First BanCorp reported net income of $75.7 million for Q3 2021, compared to $70.6 million for the second quarter of 2021.

“On the macro front, we’re pleased to see improvements in the economic backdrop within our three operating regions. We see the improvement in Puerto Rico, including the — obviously, all the stimulus, in the Y.S. Virgin Islands, similar investments also made in reconstruction. And, obviously, Florida economy continues to be very, very solid. Both pandemic and [hurricane] relief funding continue to support the economic activity,” said Aurelio Alemán, president and CEO of First BanCorp.

“And it’s important to also highlight that Puerto Rico reached one of the highest vaccination rates of any state in the U.S. jurisdiction. This has led to an accelerated reopening of the economy, material improvement in the tourism, and an overall improvement in the business environment and consumer confidence. This should result in increased loan demand,” he told analysts.

With the COVID federal stimulus funds coming to an end, consumer liquidity has also started to subside a bit, Alemán noted. But when looking at personal consumer loans and credit cards, “we’re seeing over recent months, including September, better activity. Also, when you look at the pipeline of small loans, that that actually is improving, and I have to say that the [pipeline] on the commercial side, including construction, it’s also continued to show improvement. As you know, it takes time from pipeline to closing, but if I have to, say, compare the pipeline to where we were in the first quarter, we are, overall, in a better place in all the commercial products itself,” he explained.

When looking at mortgages, there are two important components: rates, which drive the refinancing volume, and conforming originations, Alemán said. “The prepayment of mortgages is higher than we estimated when you look at the year numbers, which also contributed to some of the contraction of our loan portfolio, but, in general, a lot going on, a lot of new investments, new investors coming into the market. So, we feel very optimistic that that would translate into loan demand,” he added.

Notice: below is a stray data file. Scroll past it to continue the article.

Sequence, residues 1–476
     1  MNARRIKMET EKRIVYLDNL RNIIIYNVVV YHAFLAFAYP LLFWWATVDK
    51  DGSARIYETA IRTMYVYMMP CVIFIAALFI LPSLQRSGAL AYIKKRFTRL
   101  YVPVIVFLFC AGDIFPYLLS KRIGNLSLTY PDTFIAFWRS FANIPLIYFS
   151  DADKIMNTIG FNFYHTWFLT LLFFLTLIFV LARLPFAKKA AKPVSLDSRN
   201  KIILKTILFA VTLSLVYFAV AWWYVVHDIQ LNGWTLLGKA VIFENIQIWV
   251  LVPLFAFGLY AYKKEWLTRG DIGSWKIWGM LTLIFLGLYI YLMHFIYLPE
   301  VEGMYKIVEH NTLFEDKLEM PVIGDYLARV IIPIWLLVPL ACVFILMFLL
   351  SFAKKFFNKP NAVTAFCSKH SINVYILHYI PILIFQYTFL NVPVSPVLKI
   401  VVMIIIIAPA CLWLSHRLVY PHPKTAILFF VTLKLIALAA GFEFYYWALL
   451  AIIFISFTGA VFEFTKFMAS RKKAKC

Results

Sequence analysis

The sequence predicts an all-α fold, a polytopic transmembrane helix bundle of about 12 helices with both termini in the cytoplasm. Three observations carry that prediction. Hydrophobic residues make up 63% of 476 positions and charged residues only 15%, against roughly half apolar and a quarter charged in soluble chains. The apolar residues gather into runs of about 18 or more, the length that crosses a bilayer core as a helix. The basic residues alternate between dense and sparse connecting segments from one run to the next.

Consumer Spending

Consumer spending drives the economy.




Oriental Bank

For Q3 2021, OFG Bancorp reported total core revenues of $134.7 million compared to $133.3 million in Q2 2021.

Looking at the Q3 2021 balance sheet, customer deposits increased $154 million to $9.2 billion, reflecting even greater liquidity on the part of both commercial and consumer customers. As a result, both cash and assets grew, reported Oriental.

“Loans held for investment declined $87 million. Excluding PPP loans forgiven, they increased $5 million. New loan origination remain strong at $556 million. Ex-PPP originations now total more than $1.6 billion as of the nine months, which is up 69 percent compared to the same period last year and 79 percent compared to the same period in 2019 pre-COVID, said José Rafael Fernández, Oriental’s president and CEO.

Maritza Arizmendi, chief financial officer at Oriental, outlined that average loan balances totaled $6.5 billion, a decline of $133 million from the second quarter. “This was due primarily to residential mortgage pay downs on PPP loan forgiveness. In turn, this was partially offset by new commercial and auto loans… Higher levels of residential mortgage breakdowns reflected increased liquidity on the part of consumers. Our residential mortgage portfolio consists of legacy Oriental mortgage loans and mortgage loans from the BBVA and Scotiabank acquisition. Those are new originations worth $556 million, ex-PPP that is down $85 million from the second quarter, but is up $109 million year-over-year,” she said to analysts.

The strong trends in mortgage, commercial and auto loans should continue, Arizmendi indicated. “We continue to see increase in demand from commercial loans to expand business operations, with the new stores and warehouses, buying inventory or making acquisitions. Commercial portfolio ex-PPP has increased two consecutive quarters,” she said.

Oriental’s top executives concurred that looking at the big picture, Puerto Rico continues to benefit from federal reconstruction and COVID stimulus. “But the relative economic impact here is more meaningful than in other U.S. jurisdictions, given the size of our economy and average incomes. As a result, we continue to see incremental business sector optimism, confirming Puerto Rico’s economic revival,” Fernández said. “Our plan is to continue to take advantage of our momentum in this improved economic environment. We intend to deploy excess liquidity for loan growth and/or capital return initiatives.”